Golden retriever being chased with a stick in his mouth by another dog. Golden retriever being chased with a stick in his mouth by another dog.

Diabetes in Dogs

About Glucose Curves

Managing Canine Glucose Curves

The blood glucose curve is an ideal tool to determine the effectiveness of the insulin and identify the appropriate dose and frequency of administration. In general, maintaining blood glucose levels in a dog with diabetes between 100–250 mg/dL for the majority of the day will minimize the symptoms of diabetes and complications.

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When creating a glucose curve, remember that stress can affect the reliability of results and the glucose curve is only one tool among others that can help manage dogs with diabetes.

How to complete a glucose curve

Feed and inject your dog with Vetsulin® (porcine insulin zinc suspension) as normal. Your veterinarian may suggest you doing this at home, or they will do it at their office. If your dog exercises at home during the day, the same exercise routine should be adhered to while your dog is in the clinic.

Blood sampling:

  • Just prior to giving insulin
  • Then, in at least 60 to 120 minute intervals
  • Over a period of 12 to 24 hours

How to interpret a glucose curve

Your veterinarian can help explain the glucose curve, and how they interpret these readings based on your pet.

The glucose curve helps determine:

  • Insulin effectiveness. Maximum and minimum blood glucose levels, which should ideally be between 100 and 250 mg/dL

Glucose nadir (lowest level) goal:

  • 100-150 mg/dL

Duration of insulin effectiveness:

  • Length of time between the insulin injection and the blood glucose reaching 250 mg/dL
  • Duration of effectiveness used to determine frequency of insulin injections

Measuring blood glucose

Two different options:

  1. Collection by your veterinarian of a venous blood sample from a peripheral vein. These plasma glucose concentrations are measured in a in a laboratory or by an in-clinic analyzer.
  2. Collection done, at home or in clinic, of a drop of capillary blood from the ear (pinna), or sometimes the inner lip or elbow callus, analyzed with a handheld blood glucose meter (glucometer).
    • Glucometers should be calibrated specifically for dogs and cats because of the difference in the ratios of glucose in plasma and red blood cells from humans.
    • Readings may vary by as much as 15% from samples submitted to the laboratory.
    • Handheld meters are reasonably accurate. If a reading seems unusual or does not match the clinical signs, a second reading should be taken or another method used to confirm the blood glucose measurement.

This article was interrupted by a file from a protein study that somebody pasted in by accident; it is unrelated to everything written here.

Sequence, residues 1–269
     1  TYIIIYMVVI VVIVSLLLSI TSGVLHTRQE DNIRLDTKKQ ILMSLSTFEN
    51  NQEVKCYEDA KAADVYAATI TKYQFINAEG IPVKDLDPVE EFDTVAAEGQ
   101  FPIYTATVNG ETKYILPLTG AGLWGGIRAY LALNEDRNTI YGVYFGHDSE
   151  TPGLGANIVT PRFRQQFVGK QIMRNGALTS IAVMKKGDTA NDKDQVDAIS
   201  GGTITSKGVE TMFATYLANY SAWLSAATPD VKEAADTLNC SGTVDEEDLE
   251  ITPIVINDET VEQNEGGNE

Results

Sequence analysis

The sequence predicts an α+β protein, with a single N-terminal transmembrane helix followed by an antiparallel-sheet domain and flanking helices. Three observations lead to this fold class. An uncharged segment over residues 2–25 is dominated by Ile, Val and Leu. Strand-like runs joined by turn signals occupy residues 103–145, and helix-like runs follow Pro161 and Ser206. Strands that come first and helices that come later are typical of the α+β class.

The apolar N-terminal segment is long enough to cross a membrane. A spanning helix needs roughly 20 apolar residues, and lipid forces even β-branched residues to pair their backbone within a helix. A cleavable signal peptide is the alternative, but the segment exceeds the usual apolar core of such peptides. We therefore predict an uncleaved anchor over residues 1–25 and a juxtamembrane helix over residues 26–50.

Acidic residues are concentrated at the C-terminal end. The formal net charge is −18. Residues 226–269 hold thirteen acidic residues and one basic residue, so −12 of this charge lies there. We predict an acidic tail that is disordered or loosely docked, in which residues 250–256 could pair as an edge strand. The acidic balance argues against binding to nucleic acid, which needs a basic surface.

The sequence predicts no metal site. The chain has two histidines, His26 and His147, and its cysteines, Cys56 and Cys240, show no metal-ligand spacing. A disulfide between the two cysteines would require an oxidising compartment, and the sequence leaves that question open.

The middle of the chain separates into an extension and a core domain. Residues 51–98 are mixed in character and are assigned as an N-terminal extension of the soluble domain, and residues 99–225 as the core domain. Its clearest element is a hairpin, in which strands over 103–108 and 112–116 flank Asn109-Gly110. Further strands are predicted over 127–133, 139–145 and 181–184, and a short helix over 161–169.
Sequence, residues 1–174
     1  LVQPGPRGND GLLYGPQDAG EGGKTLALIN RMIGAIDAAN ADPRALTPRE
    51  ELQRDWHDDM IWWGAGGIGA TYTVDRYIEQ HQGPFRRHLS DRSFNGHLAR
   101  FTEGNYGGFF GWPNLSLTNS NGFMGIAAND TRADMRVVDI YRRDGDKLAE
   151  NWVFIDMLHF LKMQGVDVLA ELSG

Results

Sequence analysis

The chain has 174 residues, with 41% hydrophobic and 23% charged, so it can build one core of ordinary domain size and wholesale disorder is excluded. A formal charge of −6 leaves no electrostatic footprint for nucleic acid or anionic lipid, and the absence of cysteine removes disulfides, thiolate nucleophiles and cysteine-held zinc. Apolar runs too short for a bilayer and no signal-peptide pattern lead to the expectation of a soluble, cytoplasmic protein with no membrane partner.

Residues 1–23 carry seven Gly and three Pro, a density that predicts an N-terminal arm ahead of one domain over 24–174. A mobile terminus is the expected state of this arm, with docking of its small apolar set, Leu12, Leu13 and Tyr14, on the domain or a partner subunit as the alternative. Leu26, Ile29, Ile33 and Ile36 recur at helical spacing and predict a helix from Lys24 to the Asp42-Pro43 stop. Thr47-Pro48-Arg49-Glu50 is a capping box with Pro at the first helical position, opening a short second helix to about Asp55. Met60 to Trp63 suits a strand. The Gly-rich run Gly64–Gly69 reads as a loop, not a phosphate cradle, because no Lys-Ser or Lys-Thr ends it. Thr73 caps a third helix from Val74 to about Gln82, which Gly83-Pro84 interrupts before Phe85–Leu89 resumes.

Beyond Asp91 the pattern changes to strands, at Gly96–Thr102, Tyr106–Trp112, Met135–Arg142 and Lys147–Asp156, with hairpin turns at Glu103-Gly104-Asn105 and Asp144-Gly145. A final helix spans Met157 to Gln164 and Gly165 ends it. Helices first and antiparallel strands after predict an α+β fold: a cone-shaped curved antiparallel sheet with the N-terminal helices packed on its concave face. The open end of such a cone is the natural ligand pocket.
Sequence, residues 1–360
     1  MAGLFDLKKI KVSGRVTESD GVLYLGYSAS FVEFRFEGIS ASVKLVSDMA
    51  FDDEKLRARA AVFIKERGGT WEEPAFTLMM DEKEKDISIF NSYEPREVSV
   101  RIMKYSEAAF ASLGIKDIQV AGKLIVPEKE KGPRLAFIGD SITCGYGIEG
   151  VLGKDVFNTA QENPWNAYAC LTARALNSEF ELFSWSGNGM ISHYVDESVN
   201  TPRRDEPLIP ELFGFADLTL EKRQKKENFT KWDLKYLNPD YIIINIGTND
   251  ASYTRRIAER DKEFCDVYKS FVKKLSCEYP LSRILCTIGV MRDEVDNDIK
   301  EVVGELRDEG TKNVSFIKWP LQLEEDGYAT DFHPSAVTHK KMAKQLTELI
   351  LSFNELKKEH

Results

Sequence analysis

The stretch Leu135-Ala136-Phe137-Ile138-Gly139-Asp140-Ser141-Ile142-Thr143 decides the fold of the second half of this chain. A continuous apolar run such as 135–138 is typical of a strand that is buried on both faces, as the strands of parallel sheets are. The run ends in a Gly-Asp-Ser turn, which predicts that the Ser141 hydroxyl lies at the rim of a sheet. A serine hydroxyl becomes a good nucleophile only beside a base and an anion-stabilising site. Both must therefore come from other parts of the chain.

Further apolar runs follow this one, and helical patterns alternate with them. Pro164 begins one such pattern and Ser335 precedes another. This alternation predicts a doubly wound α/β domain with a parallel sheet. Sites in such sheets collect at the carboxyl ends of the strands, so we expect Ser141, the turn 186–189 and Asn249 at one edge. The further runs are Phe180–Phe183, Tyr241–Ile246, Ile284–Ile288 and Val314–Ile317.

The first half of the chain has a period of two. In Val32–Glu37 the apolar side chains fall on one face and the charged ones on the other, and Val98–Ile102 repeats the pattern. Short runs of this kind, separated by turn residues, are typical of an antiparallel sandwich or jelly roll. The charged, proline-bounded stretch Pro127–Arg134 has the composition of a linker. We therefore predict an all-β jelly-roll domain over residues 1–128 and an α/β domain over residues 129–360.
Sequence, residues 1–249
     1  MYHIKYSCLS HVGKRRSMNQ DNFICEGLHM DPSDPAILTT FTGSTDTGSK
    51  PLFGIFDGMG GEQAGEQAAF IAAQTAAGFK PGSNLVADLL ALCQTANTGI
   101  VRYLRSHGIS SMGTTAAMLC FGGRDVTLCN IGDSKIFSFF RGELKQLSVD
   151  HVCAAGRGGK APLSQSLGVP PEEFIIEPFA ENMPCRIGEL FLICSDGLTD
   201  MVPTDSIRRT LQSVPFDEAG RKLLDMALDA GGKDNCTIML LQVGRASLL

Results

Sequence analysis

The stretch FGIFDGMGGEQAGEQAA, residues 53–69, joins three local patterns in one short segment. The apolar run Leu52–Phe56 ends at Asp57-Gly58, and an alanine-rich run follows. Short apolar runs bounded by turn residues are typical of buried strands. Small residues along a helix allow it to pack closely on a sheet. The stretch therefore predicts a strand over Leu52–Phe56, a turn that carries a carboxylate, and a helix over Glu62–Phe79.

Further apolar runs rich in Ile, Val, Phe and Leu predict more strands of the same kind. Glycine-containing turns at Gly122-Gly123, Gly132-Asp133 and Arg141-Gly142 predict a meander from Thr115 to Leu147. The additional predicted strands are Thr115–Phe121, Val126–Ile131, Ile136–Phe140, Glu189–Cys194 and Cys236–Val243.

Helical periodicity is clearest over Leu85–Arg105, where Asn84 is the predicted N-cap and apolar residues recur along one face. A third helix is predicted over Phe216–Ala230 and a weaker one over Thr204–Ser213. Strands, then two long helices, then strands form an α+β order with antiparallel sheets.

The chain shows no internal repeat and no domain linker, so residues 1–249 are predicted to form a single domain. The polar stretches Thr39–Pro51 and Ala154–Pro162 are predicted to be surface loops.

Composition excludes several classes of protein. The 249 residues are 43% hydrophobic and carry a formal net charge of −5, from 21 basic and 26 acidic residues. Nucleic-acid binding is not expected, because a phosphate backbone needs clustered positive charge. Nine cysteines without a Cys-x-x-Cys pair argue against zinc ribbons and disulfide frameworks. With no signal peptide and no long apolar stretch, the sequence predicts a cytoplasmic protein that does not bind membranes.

Management goals

Management of canine diabetes can be considered successful when the clinical signs of diabetes mellitus improve without inducing hypoglycemia.

Routine rechecks

After your dog has been stabilized successfully, your veterinarian may perform routine rechecks every 2–4 months.

Careful monitoring and control will help to limit the long-term complications associated with diabetes.

Blood glucose concentrations

The aim of therapy is to produce a blood glucose curve that approaches the reference range, avoiding potentially fatal hypoglycemia.

An example of a stable dog with diabetes is a blood glucose range of 100–250 mg/dL for most of a 24-hour period.

Ideal blood glucose curve

Below is an example of an ideal blood glucose curve for a dog on once-daily dosing where the range remains between 100–250 mg/dL for most of the 24-hour period. Please note that for a dog on twice-daily dosing the curve will appear very similar, but just within a 12-hour time period. Not all blood glucose curves will be ideal at first.

Blue graph of ideal blood glucose curve of a dog with diabetes.

Tracking Results

Woman using diabetes tracker app on her phone.

If you feel your dog is at risk for developing diabetes, consider having your pet tested during a regular veterinary examination at least once a year.

Tracking Tools & Resources

  1. Pet Diabetes Tracker app
    Review and keep important information to manage care.
  2. Blood Glucose Curve Tool
    Easily record blood glucose readings to generate a blood glucose curve.
  3. Helpful Downloads
    Additional resources to understand and manage canine diabetes.

Further Reading

Golden retriever and cat laying next to each other. Golden retriever and cat laying next to each other.

Talk to Your Vet Today

Find a veterinarian to learn more about pet diabetes, and how cats and dogs can lead a happy, healthy life with proper management.


VETSULIN® and VETPEN® are for use in animals only. Dogs and cats known to have an allergy to pork or pork products should not be treated with VETSULIN®. VETSULIN® is contraindicated during periods of hypoglycemia. Animals with severe ketoacidosis, anorexia, lethargy, and/or vomiting should be stabilized with short-acting insulin and appropriate supportive therapy before use. As with all insulin products, careful patient monitoring for hypoglycemia and hyperglycemia is essential. Overdosage can result in profound hypoglycemia and death. Progestogen and glucocorticoid use should be avoided. The safety and effectiveness of VETSULIN® in puppies, kittens, breeding, pregnant, and lactating dogs and cats has not been evaluated. Keep out of reach of children. Avoid contact with eyes. In case of contact, immediately flush eyes with copious amounts of water for at least 15 minutes. Accidental injection may cause clinical hypoglycemia. In case of accidental injection, seek medical attention immediately. Exposure to the product may induce a local or systemic allergic reaction in sensitized individuals. For complete safety information, refer to the product label.